Soil Organic Matter

Agroecosystems make up a significant portion of terrestrial ecosystems and receive a disproportionally high amount of terrestrial nitrogen inputs from fertilizer, leading to nitrogen loss and associated environmental problems. Integrated crop livestock systems, such as pasture-integrated crop rotations, may be more environmentally sustainable however the long-term effects of this management practice on soil microorganisms and nitrogen transformations are not well understood.
Soil organic matter (OM) stratification and macro and micro fauna are both good indicators for the evaluation of soil ecological functioning, which is interrelated with nutrient cycles. To the best of the authors’ knowledge, responses of the degree of OM stratification with soil depth expressed as a ratio, and belowground biota to forest degradation and land cover changes have received little attention, particularly in northern Iran.
Soil organic carbon (SOC) in croplands is a key property of soil quality for ensuring food security and agricultural sustainability, and also plays a central role in the global carbon (C) budget. When managed sustainably, soils may play a critical role in mitigating climate change by sequestering C and decreasing greenhouse gas emissions into the atmosphere. However, the magnitude and spatio-temporal patterns of global cropland SOC are far from well constrained due to high land surface heterogeneity, complicated mechanisms, and multiple influencing factors.
As a response to the worldwide challenge raised by soil degradation, Conservation Agriculture (CA) was proposed to help restoring the three main soil functions, i.e. carbon transformation, nutrient cycling and structure maintenance. However, there is still a lack of integrative studies that assess the overall impact of CA on soil health. To fill the gap, Biofunctool®, a set of in-field indicators, was developed to monitor changes in soil biological functioning.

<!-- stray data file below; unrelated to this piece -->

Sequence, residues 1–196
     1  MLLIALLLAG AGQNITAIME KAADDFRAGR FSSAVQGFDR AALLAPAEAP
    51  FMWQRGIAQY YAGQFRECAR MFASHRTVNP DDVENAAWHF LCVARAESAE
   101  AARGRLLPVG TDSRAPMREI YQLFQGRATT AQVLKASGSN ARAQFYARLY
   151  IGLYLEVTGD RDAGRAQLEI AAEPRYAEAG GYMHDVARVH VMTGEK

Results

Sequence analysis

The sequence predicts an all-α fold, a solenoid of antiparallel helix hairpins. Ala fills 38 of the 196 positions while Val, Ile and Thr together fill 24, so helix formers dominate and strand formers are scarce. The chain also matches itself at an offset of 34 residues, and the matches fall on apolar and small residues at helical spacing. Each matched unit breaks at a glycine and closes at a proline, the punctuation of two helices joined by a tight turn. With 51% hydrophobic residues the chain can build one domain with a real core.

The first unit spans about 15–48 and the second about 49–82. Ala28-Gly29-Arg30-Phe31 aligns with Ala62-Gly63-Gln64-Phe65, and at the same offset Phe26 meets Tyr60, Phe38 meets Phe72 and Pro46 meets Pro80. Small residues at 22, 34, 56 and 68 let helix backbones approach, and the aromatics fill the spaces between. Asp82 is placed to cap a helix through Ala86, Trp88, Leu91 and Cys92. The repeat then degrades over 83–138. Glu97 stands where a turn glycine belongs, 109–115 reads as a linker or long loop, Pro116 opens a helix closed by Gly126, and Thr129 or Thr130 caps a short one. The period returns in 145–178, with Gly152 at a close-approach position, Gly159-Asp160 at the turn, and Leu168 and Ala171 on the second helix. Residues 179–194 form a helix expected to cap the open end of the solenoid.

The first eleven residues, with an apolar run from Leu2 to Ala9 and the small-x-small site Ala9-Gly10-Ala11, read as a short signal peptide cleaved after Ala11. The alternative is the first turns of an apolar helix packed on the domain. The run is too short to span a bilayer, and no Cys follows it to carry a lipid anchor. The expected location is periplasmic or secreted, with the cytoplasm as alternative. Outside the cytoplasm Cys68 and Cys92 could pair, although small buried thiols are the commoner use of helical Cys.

At the 21st session of the United Nations Framework Convention on Climate Change (UNFCCC, COP21), a voluntary action plan, the ‘4 per 1000 Initiative: Soils for Food Security and Climate’ was proposed under the Agenda for Action. The Initiative underlines the role of soil organic matter (SOM) in addressing the three-fold challenge of food and nutritional security, adaptation to climate change and mitigation of human-induced greenhouse gases (GHGs) emissions. It sets an ambitious aspirational target of a 4 per 1000 (i.e.
Over the last two decades, there has been growing interest on the effects of agricultural practices on soil biology in Europe. As soil biota are known to fluctuate throughout the season and as agro-environmental conditions may influence the effect of agricultural practices on soil organisms, conclusions cannot be drawn from a single study. Therefore, integrating the results of many studies in order to identify general trends is required. The main objective of this study was to investigate how soil biota are affected by repeated applications of organic amendments (i.e.